London 2017: Prescod comes of age as hero Bolt exits the stage

Reece Prescod walked out for the World Championship 100m final with a shy amble, a stranger to the madness that surrounded him.

Cheers, boos and even a few tears, it was that sort of night in London.

But now he is looking to start his own legacy after playing a supporting role in the final act of Usain Bolt’s storied career.

The 21-year old British sprinter underlined his growing reputation, coming through the rounds to finish seventh in the World Championship’s blue-riband event.

But he admitted disappointment that the fairytale ending Bolt planned didn’t go according to script, with Justin Gatlin taking gold and the eight-time Olympic champion settling for bronze.

Prescod, from nearby Walthamstow, grew up watching the Jamaican and never imagined he would one day race his idol in his home city, an experience he will now cherish for the rest of his life.

“Usain has put athletics on the map. He’s taken it to another level and has done amazing things over the years,” he said.

“He’s been everyone’s inspiration at some point, I used to look up to him as a kid and it’s nice to finally meet him and race against him before he goes out.

“That’s one thing I’ll be able to tell my kids in the future, I raced Bolt. Hopefully now I can start my own legacy.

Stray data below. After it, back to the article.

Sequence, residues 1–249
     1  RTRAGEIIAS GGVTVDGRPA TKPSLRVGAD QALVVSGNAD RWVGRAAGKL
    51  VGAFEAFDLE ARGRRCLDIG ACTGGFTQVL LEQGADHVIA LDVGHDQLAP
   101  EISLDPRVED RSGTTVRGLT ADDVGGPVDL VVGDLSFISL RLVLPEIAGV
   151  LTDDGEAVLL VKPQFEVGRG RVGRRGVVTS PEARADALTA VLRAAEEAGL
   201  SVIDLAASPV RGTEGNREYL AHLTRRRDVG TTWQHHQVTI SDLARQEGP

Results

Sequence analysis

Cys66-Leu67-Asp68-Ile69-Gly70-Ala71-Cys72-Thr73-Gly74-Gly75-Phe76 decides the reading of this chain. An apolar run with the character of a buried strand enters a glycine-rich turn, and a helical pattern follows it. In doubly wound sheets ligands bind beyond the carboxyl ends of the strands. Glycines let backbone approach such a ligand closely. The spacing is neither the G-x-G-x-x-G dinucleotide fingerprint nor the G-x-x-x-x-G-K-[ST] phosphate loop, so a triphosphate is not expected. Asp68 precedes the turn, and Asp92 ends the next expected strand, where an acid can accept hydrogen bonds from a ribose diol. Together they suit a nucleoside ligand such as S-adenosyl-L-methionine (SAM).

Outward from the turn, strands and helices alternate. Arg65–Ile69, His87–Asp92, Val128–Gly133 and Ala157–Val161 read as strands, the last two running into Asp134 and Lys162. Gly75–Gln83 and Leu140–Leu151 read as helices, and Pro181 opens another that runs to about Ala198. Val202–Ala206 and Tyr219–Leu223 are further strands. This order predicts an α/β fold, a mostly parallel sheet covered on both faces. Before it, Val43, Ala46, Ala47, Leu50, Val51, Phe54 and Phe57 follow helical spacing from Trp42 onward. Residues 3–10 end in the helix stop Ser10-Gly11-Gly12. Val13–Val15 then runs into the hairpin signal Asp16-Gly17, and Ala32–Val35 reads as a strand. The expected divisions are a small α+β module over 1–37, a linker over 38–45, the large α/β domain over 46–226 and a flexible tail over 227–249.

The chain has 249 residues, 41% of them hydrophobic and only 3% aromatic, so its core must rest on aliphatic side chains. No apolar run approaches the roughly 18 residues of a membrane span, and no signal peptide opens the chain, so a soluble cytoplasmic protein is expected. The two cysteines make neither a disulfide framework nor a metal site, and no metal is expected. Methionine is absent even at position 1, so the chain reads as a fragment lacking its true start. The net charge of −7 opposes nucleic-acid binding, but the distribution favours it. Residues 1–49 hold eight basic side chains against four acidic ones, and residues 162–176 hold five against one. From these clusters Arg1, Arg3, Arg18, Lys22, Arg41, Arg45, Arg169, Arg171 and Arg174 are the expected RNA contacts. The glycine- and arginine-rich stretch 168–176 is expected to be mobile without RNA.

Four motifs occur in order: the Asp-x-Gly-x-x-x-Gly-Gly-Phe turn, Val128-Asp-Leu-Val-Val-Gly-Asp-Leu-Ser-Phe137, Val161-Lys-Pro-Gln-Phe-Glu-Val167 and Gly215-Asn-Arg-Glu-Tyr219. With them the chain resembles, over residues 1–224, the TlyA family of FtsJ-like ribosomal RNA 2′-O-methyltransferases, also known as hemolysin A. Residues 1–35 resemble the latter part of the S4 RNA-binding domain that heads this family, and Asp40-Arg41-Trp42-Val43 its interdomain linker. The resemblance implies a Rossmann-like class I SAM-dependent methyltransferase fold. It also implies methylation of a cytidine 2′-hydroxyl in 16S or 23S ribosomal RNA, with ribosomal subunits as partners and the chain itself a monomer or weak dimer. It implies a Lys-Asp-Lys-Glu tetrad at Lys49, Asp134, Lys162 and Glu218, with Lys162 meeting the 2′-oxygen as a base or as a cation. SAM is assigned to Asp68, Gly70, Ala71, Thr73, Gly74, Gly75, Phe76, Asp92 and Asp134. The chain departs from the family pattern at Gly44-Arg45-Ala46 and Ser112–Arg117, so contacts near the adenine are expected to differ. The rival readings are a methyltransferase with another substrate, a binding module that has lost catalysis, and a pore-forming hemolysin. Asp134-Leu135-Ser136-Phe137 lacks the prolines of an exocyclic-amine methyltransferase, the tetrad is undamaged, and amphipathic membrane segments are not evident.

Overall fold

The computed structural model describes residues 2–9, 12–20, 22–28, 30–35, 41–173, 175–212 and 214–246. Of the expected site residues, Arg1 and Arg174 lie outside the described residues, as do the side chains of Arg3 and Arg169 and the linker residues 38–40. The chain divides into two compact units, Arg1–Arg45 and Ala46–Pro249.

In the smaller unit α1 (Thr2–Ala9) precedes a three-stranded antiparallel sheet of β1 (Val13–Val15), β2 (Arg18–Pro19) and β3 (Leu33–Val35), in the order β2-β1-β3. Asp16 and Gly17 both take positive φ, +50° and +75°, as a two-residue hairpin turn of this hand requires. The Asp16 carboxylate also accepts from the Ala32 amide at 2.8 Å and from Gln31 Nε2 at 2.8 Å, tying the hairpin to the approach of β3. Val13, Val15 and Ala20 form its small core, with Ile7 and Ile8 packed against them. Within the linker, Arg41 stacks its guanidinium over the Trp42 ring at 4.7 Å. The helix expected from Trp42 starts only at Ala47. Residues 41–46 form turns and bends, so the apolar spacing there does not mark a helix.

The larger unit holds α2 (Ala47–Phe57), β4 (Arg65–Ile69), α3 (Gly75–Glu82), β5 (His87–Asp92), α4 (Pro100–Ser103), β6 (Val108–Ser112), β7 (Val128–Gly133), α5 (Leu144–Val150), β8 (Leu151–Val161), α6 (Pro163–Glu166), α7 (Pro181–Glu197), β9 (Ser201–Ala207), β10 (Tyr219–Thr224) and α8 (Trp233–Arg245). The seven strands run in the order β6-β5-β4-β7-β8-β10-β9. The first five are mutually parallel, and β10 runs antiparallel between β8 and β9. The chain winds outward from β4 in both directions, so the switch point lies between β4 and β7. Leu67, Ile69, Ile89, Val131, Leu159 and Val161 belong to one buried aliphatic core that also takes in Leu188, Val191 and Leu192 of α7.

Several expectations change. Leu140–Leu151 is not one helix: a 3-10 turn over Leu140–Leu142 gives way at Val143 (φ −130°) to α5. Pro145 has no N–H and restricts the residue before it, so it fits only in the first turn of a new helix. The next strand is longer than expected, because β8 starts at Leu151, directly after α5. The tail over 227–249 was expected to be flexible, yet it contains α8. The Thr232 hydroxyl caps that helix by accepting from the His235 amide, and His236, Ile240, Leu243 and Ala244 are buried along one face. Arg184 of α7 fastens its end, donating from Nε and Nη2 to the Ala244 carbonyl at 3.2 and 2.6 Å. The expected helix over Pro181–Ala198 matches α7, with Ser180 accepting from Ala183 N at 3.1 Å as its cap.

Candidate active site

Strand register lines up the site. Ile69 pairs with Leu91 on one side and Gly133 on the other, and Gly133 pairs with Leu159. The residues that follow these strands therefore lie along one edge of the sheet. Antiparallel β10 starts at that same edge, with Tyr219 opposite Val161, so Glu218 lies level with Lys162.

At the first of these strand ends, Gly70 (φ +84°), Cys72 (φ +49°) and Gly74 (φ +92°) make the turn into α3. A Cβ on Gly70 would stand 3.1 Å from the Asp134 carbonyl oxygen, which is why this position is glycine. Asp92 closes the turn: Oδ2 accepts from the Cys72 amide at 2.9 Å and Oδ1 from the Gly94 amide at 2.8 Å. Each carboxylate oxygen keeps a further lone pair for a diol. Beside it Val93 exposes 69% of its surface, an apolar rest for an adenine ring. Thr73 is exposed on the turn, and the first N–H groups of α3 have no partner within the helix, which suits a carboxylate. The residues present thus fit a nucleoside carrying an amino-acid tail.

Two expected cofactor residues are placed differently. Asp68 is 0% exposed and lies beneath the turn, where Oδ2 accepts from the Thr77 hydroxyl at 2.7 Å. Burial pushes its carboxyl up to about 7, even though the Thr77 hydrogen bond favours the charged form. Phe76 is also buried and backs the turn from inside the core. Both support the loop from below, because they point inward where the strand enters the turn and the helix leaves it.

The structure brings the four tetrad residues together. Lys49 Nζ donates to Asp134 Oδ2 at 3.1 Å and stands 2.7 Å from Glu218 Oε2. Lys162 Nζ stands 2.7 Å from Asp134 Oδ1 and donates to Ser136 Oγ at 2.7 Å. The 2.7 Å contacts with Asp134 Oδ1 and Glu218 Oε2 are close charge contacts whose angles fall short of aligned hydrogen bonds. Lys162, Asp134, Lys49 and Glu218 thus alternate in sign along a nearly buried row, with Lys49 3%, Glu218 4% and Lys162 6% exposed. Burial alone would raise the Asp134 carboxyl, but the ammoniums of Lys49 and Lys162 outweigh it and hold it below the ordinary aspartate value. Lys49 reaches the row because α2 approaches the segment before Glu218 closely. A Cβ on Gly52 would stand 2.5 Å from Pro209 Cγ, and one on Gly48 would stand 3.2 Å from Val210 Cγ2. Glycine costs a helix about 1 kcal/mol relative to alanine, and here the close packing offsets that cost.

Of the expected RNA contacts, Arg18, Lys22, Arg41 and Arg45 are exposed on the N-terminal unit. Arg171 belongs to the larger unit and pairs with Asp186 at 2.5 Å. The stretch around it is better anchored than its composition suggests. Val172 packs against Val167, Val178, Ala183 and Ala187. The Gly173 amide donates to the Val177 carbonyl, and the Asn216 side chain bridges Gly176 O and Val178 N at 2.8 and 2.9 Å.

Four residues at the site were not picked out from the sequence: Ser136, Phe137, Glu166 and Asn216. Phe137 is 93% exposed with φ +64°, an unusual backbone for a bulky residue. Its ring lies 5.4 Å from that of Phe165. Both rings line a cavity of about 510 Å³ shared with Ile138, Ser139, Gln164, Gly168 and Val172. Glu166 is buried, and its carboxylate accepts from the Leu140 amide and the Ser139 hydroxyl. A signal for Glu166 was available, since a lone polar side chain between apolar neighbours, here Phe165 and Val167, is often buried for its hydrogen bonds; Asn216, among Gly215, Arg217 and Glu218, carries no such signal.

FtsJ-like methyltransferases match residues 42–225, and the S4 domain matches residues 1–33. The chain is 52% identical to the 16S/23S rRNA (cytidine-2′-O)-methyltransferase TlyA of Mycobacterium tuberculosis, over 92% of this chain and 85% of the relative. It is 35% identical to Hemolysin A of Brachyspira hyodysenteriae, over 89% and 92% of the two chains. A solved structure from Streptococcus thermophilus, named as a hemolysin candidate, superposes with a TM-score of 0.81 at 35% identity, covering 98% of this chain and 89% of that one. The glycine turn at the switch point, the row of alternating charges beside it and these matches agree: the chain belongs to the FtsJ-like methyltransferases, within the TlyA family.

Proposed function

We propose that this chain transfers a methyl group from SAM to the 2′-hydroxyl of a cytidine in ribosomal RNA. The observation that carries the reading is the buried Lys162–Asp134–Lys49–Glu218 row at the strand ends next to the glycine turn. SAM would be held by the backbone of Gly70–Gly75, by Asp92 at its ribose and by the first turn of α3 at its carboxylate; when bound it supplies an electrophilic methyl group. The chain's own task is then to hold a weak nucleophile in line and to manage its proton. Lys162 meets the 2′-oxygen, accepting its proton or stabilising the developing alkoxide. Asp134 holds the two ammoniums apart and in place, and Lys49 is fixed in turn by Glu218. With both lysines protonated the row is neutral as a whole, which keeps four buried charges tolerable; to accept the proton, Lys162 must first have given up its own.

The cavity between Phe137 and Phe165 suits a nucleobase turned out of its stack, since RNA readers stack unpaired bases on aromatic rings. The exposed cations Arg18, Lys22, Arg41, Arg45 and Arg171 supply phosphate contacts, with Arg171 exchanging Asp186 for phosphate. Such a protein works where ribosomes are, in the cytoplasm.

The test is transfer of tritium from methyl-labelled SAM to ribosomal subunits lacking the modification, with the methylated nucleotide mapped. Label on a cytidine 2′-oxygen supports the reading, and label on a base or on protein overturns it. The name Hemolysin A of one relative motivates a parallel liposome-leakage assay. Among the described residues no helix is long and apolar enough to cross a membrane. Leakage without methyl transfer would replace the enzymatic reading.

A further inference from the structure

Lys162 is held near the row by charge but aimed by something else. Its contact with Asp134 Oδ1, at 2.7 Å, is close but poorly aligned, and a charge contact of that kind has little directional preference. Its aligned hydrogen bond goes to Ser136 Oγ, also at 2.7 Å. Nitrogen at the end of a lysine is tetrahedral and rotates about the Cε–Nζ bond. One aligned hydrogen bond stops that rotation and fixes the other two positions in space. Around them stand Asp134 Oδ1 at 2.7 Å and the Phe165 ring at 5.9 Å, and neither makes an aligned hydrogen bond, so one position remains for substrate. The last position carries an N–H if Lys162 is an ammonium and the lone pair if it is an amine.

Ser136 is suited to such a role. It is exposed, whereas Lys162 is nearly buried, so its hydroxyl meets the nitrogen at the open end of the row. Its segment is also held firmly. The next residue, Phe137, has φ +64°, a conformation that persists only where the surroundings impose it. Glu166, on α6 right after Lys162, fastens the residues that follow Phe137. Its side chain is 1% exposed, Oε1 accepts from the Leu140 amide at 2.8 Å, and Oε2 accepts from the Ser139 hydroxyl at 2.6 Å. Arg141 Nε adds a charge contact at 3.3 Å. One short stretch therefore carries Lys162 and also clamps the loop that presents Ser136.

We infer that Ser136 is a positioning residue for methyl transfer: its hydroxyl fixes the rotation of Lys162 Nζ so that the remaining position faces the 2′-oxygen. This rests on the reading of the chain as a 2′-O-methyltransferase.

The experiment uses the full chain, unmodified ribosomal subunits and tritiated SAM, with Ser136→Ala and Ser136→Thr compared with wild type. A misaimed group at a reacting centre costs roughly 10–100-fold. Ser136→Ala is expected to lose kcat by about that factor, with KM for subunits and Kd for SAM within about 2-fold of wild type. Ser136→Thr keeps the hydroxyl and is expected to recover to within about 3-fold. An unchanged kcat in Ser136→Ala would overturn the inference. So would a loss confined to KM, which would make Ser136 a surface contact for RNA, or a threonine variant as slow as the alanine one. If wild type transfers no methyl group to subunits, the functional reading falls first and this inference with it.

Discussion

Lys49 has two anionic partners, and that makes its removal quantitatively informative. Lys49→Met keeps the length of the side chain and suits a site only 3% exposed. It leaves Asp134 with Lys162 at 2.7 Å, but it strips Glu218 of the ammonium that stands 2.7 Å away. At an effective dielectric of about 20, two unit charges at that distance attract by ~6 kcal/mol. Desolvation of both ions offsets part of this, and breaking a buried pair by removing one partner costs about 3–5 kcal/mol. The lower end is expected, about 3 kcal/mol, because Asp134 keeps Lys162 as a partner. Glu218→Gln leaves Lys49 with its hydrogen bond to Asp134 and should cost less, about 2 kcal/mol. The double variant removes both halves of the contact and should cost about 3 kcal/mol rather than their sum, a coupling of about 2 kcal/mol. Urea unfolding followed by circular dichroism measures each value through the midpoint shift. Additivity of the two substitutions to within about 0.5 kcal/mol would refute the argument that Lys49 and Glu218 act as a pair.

“I don’t feel the pressure, I just take it step-by-step. I train hard, work hard, and do all the right things. I come out here and do my best, and that’s all I can do for the British public.”

Bolt now heads for retirement – and the beach – while Gatlin will be 37 if he chooses to defend his title in Doha.

But perhaps, in the form of Prescod and silver medallist Christian Coleman, both 21, the next generation has finally arrived.

Prescod certainly gave a hint of that under the bright lights of the London Stadium, earning his place alongside Bolt and co in the final with a semi-final performance to remember.

If those in the 55,000-strong crowd didn’t know who the Brit was before then, they soon did as he bounced back from a slow start out of the blocks to surge over the line in 10.05 seconds.

He emerged for the final to remarkable noise, Union Jacks waving left, right and centre in his honour.

And while the eyes of those in the stadium were undeniably set on one man, and one man only, it’s an experience Prescod won’t be forgetting in a hurry.

“I ran a PB in the first round, the second fastest time this season in the semi-final, so I can’t ask for much more than that,” he said.

“Hopefully over the coming years, it will just get better and better. This is just the start of my career.

“For me, it was a great experience, the fans were good and really supportive – I really enjoyed it.

“I can’t really ask for more from myself than that. I gave it my all, it wasn’t good enough today but in the coming years, it will definitely be better.

“It was my aim to get to the final, but at the end of the day, it’s all about taking it one step at a time.”

You can help the next generation of young British athletes by getting involved in SportsAid Week this September with London 2012 hero Greg Rutherford MBE. Find out more about how you can support the week of fun and fundraising by visiting  


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